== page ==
I don't think Harper is stupid. But I do think he is ideologically driven. Whether he'll 'burn' the House down in four years or twelve is irrelevant, really. And to be frank I think he cares less about the party than he does his dream policies. Once he has the opportunity to make certain fundamental changes to the way the country and mainly the federal government operates, he will do it, no matter the consequences. Why? Because once the changes are in place, then the damage is done. Undoing the damage will make subsequent governments look bad because they will spend millions, if not not billions, trying to rebuild and therefore not putting enough into programs such as health care or the environment, etc. issues that are already being neglected by Harper, out of ideology. From where I sit, no matter how much this might make seem like wingnut, I see a man who doesn't really want the job of Prime Minister to govern but to put push what he wants on to the rest of us. Sort of like the Cheney-Rumsfeld rule in the US but not exactly the same (I don't think it's about passing cash to big business for Harper).

ALW said...

Sure, Harper is “ideologically driven”. But then, so was Pierre Trudeau. I find it strange that you consider Harper wanting to “push what he wants” on the rest of us any different than any other politician. I wouldn’t want a politician without some sort of vision doing the governing –isn’t that sort of unpredictability more worrisome than anything? The debate is just over which vision you like. So if you don’t like Harper’s vision – and plenty of people don’t – that’s fine, but don’t make it sound like it’s strange or dangerous that he should have one (and if anything, small-government types are not “pushing” anything onto Canadians: they are pulling back the state from doing the pushing. So if you don’t like politicians forcing people into living according to their own visions, it’s strange that you’d be comfortable on the left side of the spectrum).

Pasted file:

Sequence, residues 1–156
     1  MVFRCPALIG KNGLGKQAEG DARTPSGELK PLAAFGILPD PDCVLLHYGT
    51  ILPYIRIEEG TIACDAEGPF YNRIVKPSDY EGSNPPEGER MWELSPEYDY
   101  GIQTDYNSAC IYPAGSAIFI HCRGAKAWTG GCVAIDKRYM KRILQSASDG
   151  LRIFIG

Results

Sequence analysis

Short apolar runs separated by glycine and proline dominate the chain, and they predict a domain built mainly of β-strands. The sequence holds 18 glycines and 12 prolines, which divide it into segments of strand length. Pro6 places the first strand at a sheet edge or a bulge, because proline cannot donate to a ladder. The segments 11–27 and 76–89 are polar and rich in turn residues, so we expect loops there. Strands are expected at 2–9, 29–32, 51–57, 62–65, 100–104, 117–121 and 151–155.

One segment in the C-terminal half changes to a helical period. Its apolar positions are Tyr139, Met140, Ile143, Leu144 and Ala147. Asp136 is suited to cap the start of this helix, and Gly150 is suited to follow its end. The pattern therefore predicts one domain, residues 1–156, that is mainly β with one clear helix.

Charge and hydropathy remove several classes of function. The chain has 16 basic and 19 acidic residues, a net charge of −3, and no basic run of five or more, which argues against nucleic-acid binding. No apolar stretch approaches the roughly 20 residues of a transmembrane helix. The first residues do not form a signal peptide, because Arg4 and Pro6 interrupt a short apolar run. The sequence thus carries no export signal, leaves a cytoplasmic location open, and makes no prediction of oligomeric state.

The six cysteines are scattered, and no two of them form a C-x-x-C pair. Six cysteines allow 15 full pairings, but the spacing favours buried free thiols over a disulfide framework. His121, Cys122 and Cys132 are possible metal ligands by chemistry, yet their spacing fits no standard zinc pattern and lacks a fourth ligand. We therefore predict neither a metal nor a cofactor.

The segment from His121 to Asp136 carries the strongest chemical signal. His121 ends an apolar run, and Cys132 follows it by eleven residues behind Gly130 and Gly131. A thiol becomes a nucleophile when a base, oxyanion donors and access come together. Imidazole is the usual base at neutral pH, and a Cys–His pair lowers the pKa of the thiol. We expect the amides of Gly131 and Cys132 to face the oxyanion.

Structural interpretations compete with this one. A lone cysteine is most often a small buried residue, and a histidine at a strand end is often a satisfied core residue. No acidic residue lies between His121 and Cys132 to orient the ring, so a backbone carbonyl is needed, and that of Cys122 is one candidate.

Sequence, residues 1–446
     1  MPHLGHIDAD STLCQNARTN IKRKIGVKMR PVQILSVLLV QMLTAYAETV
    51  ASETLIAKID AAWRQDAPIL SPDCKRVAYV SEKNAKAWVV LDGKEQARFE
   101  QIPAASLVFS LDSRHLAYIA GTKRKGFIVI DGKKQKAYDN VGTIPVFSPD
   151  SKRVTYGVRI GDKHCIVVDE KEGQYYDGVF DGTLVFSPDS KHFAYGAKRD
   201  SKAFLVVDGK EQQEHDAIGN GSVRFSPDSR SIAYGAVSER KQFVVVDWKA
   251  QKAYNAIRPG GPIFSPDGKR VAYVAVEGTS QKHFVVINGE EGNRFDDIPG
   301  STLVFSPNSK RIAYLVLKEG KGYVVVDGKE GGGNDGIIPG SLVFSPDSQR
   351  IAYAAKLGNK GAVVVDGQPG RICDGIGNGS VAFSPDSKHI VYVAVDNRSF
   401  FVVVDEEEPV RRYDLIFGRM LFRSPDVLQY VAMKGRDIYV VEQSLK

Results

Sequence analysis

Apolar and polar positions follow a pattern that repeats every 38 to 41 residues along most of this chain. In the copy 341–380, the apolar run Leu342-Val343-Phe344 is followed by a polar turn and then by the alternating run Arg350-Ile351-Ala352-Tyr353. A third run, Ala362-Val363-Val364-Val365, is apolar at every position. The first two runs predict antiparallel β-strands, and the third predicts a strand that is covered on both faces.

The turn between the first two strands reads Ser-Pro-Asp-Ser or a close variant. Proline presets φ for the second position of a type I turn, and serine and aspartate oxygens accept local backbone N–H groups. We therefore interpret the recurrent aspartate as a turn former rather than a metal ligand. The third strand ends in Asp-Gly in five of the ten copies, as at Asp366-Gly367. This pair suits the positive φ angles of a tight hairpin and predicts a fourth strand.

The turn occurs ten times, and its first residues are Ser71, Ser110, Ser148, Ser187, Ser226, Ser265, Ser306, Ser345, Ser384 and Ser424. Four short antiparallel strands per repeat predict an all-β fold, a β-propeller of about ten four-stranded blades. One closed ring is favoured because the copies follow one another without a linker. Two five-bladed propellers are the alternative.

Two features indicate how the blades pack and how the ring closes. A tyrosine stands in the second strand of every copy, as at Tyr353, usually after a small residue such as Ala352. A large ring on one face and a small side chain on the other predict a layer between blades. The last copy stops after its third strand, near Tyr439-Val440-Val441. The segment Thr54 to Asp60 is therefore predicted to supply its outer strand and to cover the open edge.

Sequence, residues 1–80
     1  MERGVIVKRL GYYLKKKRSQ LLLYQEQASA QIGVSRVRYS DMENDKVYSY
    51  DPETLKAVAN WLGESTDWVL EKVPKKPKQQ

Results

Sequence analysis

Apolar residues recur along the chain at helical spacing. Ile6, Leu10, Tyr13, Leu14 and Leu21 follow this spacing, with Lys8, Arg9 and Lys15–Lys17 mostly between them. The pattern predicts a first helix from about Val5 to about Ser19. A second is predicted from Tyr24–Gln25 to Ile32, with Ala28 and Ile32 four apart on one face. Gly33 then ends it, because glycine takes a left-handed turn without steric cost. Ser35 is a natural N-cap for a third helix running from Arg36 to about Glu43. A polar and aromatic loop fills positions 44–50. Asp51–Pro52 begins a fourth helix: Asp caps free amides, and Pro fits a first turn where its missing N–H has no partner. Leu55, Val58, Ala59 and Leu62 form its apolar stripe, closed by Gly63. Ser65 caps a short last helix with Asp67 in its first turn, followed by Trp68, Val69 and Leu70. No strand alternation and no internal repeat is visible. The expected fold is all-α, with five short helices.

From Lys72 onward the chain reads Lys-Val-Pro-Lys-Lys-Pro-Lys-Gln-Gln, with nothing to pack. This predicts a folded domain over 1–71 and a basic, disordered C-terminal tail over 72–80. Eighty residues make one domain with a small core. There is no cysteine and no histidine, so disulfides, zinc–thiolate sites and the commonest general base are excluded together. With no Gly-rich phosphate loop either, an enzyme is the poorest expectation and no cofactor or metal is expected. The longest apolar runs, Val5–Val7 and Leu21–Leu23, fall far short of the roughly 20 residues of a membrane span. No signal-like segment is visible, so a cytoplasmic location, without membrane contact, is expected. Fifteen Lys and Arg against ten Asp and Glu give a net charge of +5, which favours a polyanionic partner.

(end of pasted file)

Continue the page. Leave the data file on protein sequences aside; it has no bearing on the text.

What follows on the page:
Finally, and I guess this is just my take on the man personally, but Harper isn’t going to do anything that jeopardizes the Conservative Party’s long-term competitiveness. It simply isn’t going to happen, even if he wins 200 seats in the next election. He never stops looking years ahead down the road, so he won’t blow his brains out in some orgy of slash and burn policies just so he can feel good about himself. He’s just not that kind of person – does it honestly fit with his past behaviour? And that vision I was speaking of isn’t nearly as drastic as I think you assume. It’s just a vision of a country where conservative and liberal ideas battle it out on a level playing field, rather than having the deck stacked against conservatives time and time again.